'Towards a hermeneutic shift in psychiatry' perspective by Dr Pat Bracken, World Psychiatry 13:3, Oct14
"Psychiatry is currently going through a crisis of confidence (1). Some medical commentators have even questioned the very credibility of the profession (2). There are many indicators of this crisis. For example, leading up to the launch of DSM-5 by the American Psychiatric Association last year, the chairperson of the DSM-IV task force raised serious questions about the validity of the whole DSM process (3), echoing earlier criticisms by the chairperson of the DSM-III (4). It is clear that psychiatry has been a particular target of the marketing strategies of the pharmaceutical industry (5), strategies that have led to the corruption of evidence-based medicine in general (6)."
"One of the major insights of 20th century philosophers such as Wittgenstein, Heidegger andMerleau-Ponty was the realization that meaning is not something that happens inside an individual mind or brain, but instead comes into our lives from the social practices that shape the world around us."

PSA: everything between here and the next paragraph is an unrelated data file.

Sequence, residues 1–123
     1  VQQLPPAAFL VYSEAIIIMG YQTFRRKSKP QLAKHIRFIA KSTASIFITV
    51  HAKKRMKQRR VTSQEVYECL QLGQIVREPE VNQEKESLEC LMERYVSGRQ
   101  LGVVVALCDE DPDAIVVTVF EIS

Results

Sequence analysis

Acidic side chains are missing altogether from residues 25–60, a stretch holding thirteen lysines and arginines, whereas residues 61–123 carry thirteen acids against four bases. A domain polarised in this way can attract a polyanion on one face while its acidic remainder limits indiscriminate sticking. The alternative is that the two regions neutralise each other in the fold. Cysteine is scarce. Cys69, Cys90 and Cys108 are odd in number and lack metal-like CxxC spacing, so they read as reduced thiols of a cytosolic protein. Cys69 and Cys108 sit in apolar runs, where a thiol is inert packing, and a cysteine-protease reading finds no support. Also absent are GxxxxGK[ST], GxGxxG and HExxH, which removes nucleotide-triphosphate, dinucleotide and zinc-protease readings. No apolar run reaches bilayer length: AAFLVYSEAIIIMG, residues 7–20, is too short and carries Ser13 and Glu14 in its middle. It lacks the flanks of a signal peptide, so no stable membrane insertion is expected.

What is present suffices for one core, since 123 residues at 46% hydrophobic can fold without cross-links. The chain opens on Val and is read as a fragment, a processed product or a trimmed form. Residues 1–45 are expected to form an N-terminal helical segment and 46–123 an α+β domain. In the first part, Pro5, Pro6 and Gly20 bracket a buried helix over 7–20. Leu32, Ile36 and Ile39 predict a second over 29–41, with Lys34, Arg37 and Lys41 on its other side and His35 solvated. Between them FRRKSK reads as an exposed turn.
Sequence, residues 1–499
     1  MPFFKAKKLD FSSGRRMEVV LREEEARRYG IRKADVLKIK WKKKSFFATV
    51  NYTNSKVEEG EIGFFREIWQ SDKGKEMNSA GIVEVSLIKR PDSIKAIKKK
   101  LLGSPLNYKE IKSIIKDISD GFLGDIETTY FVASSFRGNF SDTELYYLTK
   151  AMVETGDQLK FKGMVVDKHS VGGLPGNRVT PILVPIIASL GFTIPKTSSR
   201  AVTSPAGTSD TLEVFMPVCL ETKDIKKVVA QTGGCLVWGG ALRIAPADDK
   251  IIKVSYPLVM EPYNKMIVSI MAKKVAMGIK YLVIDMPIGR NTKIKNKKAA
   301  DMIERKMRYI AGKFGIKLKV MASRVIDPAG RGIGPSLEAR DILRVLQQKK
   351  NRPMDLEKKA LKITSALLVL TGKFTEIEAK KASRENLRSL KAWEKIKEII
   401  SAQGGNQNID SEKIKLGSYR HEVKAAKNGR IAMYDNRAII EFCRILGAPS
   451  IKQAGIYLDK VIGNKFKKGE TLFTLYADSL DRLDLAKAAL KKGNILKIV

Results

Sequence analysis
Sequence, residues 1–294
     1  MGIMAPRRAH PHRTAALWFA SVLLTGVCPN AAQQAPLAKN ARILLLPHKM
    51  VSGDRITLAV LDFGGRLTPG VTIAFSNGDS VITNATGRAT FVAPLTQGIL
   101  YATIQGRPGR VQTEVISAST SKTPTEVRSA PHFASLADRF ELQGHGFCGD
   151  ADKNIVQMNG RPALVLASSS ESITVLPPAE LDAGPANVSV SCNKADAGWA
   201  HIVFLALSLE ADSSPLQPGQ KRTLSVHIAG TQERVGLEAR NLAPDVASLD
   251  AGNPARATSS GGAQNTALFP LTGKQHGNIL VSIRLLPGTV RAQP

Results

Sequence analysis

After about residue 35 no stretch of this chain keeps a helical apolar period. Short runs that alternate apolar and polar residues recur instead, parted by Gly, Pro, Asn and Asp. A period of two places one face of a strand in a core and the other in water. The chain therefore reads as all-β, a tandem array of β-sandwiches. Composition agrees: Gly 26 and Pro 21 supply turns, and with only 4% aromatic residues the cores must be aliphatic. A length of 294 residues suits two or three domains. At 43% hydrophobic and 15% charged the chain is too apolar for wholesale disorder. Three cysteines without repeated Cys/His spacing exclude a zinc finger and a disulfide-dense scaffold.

"I do not believe that we will ever be able to explain the meaningful world of human thought, emotion and behaviour reductively, using the “tools of clinical neuroscience”. This world is simply not located inside the brain. Neuroscience offers us powerful insights, but it will never be able to ground a psychiatry that is focused on interpretation and meaning. Indeed, it is clear that there is a major hermeneutic dimension to neuroscience itself (17). A mature psychiatry will embrace neuroscience but it will also accept that “the neurobiological project in psychiatry finds its limit in the simple and often repeated fact: mental disorders are problems of persons, not of brains. Mental disorders are not problems of brains in labs, but of human beings in time, space, culture, and history.”
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Pat Bracken video: "Beyond Reductionism: Towards a Hermeneutic Shift in Psychiatry"